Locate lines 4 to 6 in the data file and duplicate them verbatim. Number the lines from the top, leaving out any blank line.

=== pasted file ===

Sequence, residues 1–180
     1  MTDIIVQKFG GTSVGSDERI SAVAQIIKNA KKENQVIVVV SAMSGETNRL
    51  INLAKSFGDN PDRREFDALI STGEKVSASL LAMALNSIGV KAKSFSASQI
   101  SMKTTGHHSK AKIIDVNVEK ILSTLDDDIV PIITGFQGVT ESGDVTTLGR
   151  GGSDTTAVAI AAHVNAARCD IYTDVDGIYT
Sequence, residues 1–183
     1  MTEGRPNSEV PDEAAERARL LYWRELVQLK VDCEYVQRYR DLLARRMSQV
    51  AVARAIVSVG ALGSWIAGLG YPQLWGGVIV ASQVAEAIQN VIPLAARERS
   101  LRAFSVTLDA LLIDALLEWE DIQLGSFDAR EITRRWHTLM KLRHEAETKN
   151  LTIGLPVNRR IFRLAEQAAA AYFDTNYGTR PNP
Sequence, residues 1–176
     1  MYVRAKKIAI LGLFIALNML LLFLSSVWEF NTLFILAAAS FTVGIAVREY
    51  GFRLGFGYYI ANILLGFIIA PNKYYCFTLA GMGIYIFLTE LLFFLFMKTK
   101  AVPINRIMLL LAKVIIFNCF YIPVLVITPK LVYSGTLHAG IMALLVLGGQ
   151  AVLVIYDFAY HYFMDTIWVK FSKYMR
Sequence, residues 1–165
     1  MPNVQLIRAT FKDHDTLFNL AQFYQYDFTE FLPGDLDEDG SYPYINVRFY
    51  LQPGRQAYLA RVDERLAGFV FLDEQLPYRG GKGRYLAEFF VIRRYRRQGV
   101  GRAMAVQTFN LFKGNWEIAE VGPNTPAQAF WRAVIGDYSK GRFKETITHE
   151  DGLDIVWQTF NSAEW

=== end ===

   101  SMKTTGHHSK AKIIDVNVEK ILSTLDDDIV PIITGFQGVT ESGDVTTLGR
   151  GGSDTTAVAI AAHVNAARCD IYTDVDGIYT
Sequence, residues 1–183